Monday, April 28, 2014

Boredom of the Own and Getting Older

The older I get, the less I seem to spend. I don't know if it's correlation or causation. What I do know is that buying stuff just doesn't do it for me anymore.

Find oneself
It's probably a result of maturity, figuring myself out, and settling into my beliefs and quirks. This is probably how I came to the realization that I don't like wearing 90% of the stuff in my closet and I don't use most of the stuff I buy.

I hate my clothes
If you had talked to me two or three years ago, I'd have told you that it was incredibly important how you presented yourself to the world. This, of course, had to do with clothes. Fashion is one of the best communicators for an individual. It does not require proximity or acquaintanceship. Seeing a person's outfit in a picture from 500 miles away can have the same effect as seeing it in person from a foot away -- you'll miss the fine detailing though. With this in mind, I set out to acquire clothes that set me apart and spoke about "me". But what if I hated the clothes and rarely found an occasion to wear most of it?

That's what happened. I found out that I rarely had opportunities to wear the nicer clothes that I loved. Much of the other things I could wear, I hated. They didn't feel good or I didn't like the look. Things I initially liked turned sour over surprisingly short periods of time and ended up in the back of my closet. There is a very small selection of items that I actually enjoy wearing. I do not like to switch it up, and honestly, as time moves on, I care less and less what people think.

Why did I buy this thing?
I have asked this question about my clothing numerous times, but I'm going to focus on something else: toys. By "toys", I mean random gadgets, tools, food, drinks, or random items that I buy to entertain myself with.

Being a low key person with an overactive imagination and a low desire for change can be a problem. I often come up with ideas about buying random things to explore or enjoy. The thrill of the buy itself is also appealing. Just the rush that comes with wanting something, researching it to death, and making the decision to put money down.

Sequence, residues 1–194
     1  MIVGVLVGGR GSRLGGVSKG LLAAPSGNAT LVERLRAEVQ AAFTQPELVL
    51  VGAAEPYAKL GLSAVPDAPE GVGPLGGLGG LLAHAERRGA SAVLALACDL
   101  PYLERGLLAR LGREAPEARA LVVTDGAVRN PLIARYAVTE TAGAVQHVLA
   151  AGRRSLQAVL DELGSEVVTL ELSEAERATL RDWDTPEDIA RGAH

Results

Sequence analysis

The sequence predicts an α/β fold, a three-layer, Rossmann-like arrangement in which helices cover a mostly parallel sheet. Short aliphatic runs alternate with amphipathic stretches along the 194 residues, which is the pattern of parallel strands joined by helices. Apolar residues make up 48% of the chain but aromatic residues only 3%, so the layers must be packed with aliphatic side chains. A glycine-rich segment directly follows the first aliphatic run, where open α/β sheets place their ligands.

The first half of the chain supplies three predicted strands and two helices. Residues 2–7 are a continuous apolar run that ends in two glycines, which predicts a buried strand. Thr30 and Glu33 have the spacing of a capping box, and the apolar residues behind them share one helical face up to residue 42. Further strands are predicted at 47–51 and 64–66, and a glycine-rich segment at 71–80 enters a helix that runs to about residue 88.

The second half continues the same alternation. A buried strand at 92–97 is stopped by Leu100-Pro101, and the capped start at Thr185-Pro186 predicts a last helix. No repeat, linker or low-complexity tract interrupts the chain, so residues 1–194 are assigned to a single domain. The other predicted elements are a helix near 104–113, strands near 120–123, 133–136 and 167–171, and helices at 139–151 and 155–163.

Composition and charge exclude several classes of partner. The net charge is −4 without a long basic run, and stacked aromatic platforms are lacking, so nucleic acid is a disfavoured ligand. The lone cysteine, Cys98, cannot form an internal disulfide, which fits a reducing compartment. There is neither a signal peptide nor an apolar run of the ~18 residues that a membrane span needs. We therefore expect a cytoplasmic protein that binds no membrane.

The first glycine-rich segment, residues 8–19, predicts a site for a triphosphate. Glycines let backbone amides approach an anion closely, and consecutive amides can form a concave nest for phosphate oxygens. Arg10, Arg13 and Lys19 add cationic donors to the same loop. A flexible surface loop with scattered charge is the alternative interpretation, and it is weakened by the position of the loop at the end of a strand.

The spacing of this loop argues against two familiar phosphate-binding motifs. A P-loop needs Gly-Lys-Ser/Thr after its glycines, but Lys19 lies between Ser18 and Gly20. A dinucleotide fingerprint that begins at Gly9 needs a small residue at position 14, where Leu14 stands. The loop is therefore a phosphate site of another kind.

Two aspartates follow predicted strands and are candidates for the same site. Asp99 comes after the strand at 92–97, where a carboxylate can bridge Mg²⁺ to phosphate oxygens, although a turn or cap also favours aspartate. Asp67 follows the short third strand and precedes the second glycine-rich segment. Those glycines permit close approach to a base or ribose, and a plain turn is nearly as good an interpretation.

Unfortunately, being low key, in my case, means being satisfied with very simple things, having low expectations, and not having too many needs or wants. The lack of self-restraint meant buying a bunch of toys that I would get bored with pretty quickly. Into the corner they went, one after the other, hundreds of dollars at a time.

There is a wasteland of toys that I'm sitting on and have gotten rid of at major discounts. They include a Playstation 3, a Blackberry Playbook, headphones, cameras, a bicycle, sewing machine, real toys, etc.

Learning to learn
At some point I came to the realization that I was not to be trusted with money. I found out that the stuff I bought wasn't making me happier and it was actually causing more stress than anything. Instead of buying things and regretting them, I've started to cut down on the buying. My expenditures on clothing are now almost non-existent. Only when things wear out do I bother to replace them. Toys are heavily scrutinized for how well they would likely fit in my lifestyle before being purchased.

It definitely doesn't mean that I've stopped though. There are still regrets, money down the train, and stuff accumulating in the corner. The process isn't foolproof and I may have even overcompensated lately. It's a recent development: bringing myself to buy even a new pair of pants or a cheapo tablet is met with scorn. Hope it works itself out.

<<< Thrill of the Buy

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